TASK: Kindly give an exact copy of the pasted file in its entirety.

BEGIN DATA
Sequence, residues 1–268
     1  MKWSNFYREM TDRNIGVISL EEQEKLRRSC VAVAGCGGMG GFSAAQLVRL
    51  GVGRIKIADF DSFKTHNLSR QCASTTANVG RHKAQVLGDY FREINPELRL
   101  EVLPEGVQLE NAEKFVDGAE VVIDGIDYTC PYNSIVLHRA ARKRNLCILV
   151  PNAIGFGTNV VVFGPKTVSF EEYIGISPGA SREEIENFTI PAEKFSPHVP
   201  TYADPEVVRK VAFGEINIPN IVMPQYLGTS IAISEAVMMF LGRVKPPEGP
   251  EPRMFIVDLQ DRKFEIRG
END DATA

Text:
Sequence, residues 1–268
     1  MKWSNFYREM TDRNIGVISL EEQEKLRRSC VAVAGCGGMG GFSAAQLVRL
    51  GVGRIKIADF DSFKTHNLSR QCASTTANVG RHKAQVLGDY FREINPELRL
   101  EVLPEGVQLE NAEKFVDGAE VVIDGIDYTC PYNSIVLHRA ARKRNLCILV
   151  PNAIGFGTNV VVFGPKTVSF EEYIGISPGA SREEIENFTI PAEKFSPHVP
   201  TYADPEVVRK VAFGEINIPN IVMPQYLGTS IAISEAVMMF LGRVKPPEGP
   251  EPRMFIVDLQ DRKFEIRG